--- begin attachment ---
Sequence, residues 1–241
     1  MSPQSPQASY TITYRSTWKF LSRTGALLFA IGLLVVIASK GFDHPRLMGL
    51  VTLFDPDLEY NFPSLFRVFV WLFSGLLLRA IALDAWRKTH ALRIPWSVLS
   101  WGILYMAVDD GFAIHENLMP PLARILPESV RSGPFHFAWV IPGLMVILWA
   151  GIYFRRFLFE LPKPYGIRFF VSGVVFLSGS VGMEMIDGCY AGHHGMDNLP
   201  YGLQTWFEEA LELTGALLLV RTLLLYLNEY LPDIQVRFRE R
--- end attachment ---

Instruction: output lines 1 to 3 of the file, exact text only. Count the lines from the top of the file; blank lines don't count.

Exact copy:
Sequence, residues 1–241
     1  MSPQSPQASY TITYRSTWKF LSRTGALLFA IGLLVVIASK GFDHPRLMGL
    51  VTLFDPDLEY NFPSLFRVFV WLFSGLLLRA IALDAWRKTH ALRIPWSVLS